How to Destroy Your Career

I just destroyed 14 years of experience.

I had a resumé full of successful projects. I built a large network of peers who could validate me. And I put well over 30,000 hours of my life into my career — that’s 3.5 consecutive years worth of time.

Then I took a match and lit it all on fire.

At least that’s how it feels sometimes. It doesn’t help that my boss’s parting words were, “I hope you never plan to work in this industry again.” Apparently it “doesn’t look good” to quit during the middle of a big project. I guess you’re only supposed to make major life decisions after everything is tied up neatly with a bow on it.

Except that’s not how life works.

Human beings are complex. We’re hardwired with all these natural tendencies to act in certain ways, depending on the circumstances. And we have almost zero control over these actions, even when we know we’re being influenced by things outside of our control!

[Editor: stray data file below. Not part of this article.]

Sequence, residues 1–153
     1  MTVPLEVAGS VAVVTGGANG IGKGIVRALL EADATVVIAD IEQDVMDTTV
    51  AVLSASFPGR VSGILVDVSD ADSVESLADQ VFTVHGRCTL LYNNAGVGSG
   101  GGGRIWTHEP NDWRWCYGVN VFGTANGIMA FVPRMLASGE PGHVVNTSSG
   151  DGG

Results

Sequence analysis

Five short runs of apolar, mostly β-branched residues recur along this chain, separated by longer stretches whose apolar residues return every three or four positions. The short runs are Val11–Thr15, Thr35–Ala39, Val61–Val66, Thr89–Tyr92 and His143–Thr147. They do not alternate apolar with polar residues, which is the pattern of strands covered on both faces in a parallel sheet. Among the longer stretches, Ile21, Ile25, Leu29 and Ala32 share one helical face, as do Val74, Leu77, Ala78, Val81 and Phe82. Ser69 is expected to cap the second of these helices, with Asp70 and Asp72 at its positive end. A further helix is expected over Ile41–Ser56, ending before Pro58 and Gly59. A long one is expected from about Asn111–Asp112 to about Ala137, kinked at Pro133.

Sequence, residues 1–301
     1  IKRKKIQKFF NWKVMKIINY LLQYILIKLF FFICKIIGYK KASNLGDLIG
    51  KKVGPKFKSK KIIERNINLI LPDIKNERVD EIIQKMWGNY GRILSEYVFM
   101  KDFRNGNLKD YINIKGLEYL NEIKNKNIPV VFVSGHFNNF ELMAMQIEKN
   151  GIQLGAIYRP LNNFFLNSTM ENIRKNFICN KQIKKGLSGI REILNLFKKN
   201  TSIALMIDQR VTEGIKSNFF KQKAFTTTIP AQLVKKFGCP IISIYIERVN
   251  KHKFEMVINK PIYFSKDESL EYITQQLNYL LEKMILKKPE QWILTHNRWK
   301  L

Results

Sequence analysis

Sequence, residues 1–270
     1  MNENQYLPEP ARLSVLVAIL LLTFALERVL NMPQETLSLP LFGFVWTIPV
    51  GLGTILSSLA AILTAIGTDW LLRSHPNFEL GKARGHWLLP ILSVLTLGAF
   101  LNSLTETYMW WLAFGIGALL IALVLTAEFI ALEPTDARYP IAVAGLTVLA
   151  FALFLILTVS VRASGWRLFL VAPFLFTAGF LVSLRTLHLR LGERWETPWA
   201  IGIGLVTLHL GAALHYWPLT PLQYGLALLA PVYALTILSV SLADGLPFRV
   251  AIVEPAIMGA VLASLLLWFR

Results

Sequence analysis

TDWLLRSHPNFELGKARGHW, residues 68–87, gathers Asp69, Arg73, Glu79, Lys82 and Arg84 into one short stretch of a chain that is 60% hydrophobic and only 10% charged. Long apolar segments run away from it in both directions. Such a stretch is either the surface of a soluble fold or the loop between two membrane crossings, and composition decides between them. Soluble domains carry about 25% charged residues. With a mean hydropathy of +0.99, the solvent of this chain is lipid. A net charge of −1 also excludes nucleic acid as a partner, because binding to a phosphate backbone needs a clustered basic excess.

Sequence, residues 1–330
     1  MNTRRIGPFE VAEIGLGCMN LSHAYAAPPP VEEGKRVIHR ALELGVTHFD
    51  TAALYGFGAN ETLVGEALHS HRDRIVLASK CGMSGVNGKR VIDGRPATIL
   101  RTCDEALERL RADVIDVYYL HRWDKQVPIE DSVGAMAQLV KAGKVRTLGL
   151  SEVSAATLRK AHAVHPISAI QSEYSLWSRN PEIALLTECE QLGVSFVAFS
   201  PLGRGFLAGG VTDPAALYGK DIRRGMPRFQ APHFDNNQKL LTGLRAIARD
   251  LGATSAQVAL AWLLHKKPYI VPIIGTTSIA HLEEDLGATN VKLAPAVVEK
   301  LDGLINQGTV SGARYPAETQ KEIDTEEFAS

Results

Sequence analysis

One of these tendencies is called the “sunk cost fallacy.” It basically means that people tend to hold onto things they’ve invested in for way too long. If we’ve poured time or money into a project or activity, then we feel this innate desire to stick with it through the end. We’re committed to making it work, even if the project is a total bust.

We may never get our investment back out of it. It may not ever work. The people we’re building this thing for don’t even like it. Yet we keep sinking more money into it to try and salvage what we started. “We’re past the point of no return. We have too much invested. No turning back!”

That’s how it works in the business world, but it’s applicable everywhere in life. Here’s an all-too-real example most people can relate to:

It’s spring training and you’re excited about baseball season, so you buy tickets in advance to the Braves game on Memorial Day. Of course, all your friends are making plans throughout the spring to host cookouts or go to the beach. You’re invited to these events, but you already plopped down $100 on a baseball ticket.

By the third week in May, the Braves record is 9 and 34. They’re awful. The hope and excitement you had during the preseason tickle fights have evaporated. In fact, just thinking about Braves baseball spikes your heart rate.